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Anzac Parade, Sydney

Byarticle

Dec 15, 2021

Anzac Parade is a major road in the south-eastern suburbs of Sydney, Australia. It included part of the marathon during the 2000 Summer Olympics, and the blue line denoting the marathon’s path still exists today.

Anzac Parade

Anzac Parade, Kingsford
General information
Type Road
Length 13 km (8.1 mi)
Opened 1917
Former
route number
State Route 70 (1974-2004)
Major junctions
North end Flinders Street
Moore Park, Sydney
 
  • Moore Park Road
  • Cleveland Street
  • Allison Road
  • Gardeners Road
  • Avoca Street
  • Maroubra Road
  • Bunnerong Road
South end No through road
La Perouse, Sydney
Location(s)
Major suburbs Kensington, Kingsford, Maroubra, Matraville, Malabar, Chifley, Little Bay
National Institute of Dramatic Art

. . . Anzac Parade, Sydney . . .

Anzac Parade starts at Driver’s Triangle, a small park at the intersection of Moore Park Road and South Dowling Street at Moore Park.[1] It is a southward extension of Flinders Street, on the border of Surry Hills and Paddington. At this intersection there is also an entrance to the Eastern Distributor. The street received its name in memory of members of the First Australian Imperial Force (later to become known as Anzacs) who marched down the street from their barracks (now a heritage listed part of the University of New South Wales) to Sydney Harbour, where they were transported to Europe during World War I.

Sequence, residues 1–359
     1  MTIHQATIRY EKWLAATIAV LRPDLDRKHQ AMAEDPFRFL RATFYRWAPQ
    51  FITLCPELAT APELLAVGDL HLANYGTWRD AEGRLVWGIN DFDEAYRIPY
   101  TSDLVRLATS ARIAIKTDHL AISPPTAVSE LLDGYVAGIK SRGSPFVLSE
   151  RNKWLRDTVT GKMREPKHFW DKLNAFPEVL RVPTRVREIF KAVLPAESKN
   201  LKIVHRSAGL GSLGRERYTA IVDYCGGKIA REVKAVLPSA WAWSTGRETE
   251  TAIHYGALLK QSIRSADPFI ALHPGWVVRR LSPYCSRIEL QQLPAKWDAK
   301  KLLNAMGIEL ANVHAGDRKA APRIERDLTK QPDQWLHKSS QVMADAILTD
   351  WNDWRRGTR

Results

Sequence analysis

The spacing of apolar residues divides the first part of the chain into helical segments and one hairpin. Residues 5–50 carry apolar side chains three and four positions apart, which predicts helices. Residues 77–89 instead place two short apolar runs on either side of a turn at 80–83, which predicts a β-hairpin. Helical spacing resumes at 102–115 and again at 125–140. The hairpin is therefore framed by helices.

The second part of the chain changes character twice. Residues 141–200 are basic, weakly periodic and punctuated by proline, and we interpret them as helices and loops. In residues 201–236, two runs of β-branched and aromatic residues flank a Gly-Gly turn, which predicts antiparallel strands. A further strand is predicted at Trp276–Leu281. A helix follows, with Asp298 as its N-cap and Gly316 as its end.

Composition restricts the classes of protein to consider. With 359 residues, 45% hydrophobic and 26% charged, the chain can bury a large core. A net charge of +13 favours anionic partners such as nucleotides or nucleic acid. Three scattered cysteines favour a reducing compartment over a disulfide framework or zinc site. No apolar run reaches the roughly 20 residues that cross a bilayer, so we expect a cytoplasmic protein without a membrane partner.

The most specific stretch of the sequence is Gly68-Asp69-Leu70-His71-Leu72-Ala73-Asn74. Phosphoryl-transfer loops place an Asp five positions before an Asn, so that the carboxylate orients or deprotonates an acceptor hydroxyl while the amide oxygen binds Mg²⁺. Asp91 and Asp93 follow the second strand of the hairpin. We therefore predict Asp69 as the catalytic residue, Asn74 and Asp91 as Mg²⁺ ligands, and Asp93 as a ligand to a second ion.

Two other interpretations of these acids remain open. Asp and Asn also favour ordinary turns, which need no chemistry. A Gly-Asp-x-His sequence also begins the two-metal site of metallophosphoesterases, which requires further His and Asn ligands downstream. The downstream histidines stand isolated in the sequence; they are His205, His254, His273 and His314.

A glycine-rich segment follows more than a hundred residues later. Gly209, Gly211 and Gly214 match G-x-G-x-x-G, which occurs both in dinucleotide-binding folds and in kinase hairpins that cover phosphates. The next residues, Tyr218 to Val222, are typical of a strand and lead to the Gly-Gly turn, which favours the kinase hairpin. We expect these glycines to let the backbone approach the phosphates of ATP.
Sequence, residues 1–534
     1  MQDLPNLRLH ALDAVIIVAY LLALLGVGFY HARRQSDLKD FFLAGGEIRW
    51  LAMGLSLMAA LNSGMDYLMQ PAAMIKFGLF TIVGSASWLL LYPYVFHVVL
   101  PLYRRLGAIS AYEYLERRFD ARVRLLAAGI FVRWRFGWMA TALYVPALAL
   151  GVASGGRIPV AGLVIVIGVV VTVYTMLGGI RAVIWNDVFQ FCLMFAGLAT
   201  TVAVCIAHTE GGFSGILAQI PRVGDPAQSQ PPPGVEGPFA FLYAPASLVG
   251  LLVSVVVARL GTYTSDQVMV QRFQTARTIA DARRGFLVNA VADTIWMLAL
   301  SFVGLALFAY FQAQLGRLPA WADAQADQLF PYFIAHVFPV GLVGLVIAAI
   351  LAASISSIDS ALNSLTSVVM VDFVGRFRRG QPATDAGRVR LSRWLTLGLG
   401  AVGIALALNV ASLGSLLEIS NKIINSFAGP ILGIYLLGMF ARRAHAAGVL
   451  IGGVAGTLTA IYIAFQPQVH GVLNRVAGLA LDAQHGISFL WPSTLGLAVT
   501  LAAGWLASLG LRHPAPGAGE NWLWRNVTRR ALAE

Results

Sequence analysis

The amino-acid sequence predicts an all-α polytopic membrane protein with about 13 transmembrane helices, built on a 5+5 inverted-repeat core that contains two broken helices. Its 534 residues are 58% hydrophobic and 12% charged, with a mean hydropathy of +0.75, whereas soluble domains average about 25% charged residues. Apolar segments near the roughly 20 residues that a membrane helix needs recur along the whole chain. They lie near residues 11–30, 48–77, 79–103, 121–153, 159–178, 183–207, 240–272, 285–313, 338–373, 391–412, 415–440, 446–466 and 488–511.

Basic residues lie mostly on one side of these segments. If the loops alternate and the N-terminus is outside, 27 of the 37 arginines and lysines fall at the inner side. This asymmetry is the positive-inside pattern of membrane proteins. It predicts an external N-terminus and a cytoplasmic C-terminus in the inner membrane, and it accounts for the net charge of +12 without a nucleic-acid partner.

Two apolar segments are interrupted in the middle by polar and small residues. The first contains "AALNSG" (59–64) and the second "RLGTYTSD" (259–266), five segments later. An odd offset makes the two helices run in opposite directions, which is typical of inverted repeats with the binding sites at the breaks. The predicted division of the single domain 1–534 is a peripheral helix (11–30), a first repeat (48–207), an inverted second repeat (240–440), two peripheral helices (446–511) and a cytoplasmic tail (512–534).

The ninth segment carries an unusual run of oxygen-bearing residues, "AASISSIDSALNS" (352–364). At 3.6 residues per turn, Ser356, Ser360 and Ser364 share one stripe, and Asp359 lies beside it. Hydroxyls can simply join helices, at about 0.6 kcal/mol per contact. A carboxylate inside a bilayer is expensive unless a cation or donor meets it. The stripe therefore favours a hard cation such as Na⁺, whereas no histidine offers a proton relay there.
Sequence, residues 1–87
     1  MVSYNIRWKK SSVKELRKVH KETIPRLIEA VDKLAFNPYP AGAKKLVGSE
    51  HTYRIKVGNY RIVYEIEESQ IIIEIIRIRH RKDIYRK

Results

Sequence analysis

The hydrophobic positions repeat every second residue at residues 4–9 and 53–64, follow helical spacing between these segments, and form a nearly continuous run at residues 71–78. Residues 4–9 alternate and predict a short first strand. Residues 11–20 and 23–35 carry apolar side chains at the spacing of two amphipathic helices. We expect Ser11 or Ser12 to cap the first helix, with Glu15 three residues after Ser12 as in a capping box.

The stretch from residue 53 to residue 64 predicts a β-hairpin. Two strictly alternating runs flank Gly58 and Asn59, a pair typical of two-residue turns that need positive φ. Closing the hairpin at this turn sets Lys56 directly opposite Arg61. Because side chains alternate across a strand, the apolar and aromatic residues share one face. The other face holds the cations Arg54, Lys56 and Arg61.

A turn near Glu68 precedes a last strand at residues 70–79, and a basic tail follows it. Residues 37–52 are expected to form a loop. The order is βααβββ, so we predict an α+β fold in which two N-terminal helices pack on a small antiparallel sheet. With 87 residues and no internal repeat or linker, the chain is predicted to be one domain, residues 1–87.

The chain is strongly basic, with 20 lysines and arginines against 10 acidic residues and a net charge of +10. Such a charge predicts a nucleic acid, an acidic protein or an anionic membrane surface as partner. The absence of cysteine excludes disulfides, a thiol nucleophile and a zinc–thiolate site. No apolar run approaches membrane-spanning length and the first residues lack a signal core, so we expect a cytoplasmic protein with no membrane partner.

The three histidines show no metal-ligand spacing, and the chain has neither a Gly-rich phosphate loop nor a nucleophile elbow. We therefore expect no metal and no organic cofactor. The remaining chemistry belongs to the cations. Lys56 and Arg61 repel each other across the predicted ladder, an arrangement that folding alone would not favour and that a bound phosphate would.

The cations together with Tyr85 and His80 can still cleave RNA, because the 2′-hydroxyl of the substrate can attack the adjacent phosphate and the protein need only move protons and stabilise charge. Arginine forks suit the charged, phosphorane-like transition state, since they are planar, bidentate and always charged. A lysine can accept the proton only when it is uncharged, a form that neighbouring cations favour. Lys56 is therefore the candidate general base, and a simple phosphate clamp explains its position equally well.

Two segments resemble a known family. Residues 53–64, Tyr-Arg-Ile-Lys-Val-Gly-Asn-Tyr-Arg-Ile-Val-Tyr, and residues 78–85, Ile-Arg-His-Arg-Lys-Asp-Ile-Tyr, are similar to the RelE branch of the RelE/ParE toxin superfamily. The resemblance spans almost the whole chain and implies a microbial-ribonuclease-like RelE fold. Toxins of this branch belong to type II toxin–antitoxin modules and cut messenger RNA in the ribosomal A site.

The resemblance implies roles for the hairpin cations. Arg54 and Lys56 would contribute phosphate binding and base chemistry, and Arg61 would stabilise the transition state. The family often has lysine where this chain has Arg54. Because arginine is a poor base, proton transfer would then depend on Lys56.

Anzac Parade passes south through the suburbs of Moore Park, Kensington, Kingsford, Maroubra, Matraville, Malabar, Chifley and Little Bay before ending at a loop at La Perouse. It was designated State Route 70 from 1974 until 2004.

Major landmarks along Anzac Parade include the University of New South Wales (UNSW) and the National Institute of Dramatic Art (known as NIDA), where a number of well-known actors (including Mel Gibson, Cate Blanchett and Judy Davis) received their training.

In February 2015, the Albert Cotter Bridge across Anzac Parade opened. This pedestrian and cycle bridge was built to improve access to events at the Sydney Cricket Ground and Sydney Football Stadium.[2]

. . . Anzac Parade, Sydney . . .

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. . . Anzac Parade, Sydney . . .